- He explains in his manifesto of sorts, “I, as a Kashmiri, am willing to recognize walking the cabbage as part of the Kashmiri landscape, but I will never accept the check posts, the bunkers, the army camps, the torture centers, the barbed wire, the curfews, the arrests, the toxic environment of conflict and war, as part of the same.”
The performance is an offshoot of Chinese artist Han Bing’s Walking the Cabbage Project and Movement. Historically, the cabbage has been seen as a parcel of the poor in China, helping them survive eras of scarcity, famine and hunger. Han Bing — who was raised in a poor rural family — went to Beijing to study art, later establishing a career. Han Bing walks the cabbage, a symbol of his upbringing, to create a contrast while others show off their posh pooches on the streets of the Chinese capital.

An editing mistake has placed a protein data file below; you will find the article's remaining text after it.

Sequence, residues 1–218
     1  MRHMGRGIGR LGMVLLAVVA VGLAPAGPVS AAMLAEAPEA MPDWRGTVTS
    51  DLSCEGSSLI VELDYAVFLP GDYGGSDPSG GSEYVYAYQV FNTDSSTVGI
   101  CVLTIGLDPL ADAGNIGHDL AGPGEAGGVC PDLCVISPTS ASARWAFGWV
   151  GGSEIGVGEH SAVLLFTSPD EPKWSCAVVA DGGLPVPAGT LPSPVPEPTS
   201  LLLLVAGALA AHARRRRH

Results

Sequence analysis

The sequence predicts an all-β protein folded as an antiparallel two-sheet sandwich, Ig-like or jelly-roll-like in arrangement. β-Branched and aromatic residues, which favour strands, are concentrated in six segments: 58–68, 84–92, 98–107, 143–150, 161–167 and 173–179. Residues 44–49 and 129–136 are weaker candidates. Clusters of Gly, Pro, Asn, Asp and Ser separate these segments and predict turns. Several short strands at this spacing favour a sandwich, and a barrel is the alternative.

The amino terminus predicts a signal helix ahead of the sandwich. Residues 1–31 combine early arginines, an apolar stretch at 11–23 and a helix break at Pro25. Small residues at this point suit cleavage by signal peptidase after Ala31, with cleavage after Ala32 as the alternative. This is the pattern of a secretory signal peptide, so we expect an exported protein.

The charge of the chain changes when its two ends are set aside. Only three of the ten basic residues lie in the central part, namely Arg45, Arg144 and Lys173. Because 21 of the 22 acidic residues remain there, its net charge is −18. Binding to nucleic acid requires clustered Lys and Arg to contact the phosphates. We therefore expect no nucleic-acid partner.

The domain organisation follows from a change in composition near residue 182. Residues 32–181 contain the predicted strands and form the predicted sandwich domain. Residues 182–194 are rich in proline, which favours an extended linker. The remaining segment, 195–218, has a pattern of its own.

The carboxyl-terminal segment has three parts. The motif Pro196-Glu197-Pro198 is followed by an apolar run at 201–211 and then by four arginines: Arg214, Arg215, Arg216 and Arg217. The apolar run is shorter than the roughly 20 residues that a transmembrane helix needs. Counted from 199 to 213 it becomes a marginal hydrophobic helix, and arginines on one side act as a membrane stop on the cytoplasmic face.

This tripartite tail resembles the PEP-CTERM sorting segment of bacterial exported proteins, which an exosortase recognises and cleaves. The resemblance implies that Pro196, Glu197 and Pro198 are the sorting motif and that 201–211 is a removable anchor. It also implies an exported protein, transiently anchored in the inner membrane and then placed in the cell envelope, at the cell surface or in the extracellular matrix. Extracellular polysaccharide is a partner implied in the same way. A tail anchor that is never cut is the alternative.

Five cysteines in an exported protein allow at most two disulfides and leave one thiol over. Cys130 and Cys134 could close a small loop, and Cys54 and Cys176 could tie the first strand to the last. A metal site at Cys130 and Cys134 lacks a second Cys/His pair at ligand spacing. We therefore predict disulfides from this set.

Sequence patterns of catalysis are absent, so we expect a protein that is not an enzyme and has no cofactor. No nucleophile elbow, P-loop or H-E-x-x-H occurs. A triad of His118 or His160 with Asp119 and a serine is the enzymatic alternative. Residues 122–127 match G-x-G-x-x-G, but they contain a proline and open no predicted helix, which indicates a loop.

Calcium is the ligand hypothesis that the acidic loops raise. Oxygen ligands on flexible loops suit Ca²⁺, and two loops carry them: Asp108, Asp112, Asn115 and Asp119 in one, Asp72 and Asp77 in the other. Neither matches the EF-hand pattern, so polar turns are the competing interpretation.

- Although a great number of journalists in India have covered the horrors of the state, Kashmiri Cabbage Walker feels that as the conflict has dragged on for decades, words have begun to lose their meaning and have not lead to consequential action against militarization. He says terms like “human rights abuses” and “human rights violations” are “obfuscating, unspecific and abstract terms to label the colossally severe [and] unimaginable atrocities.”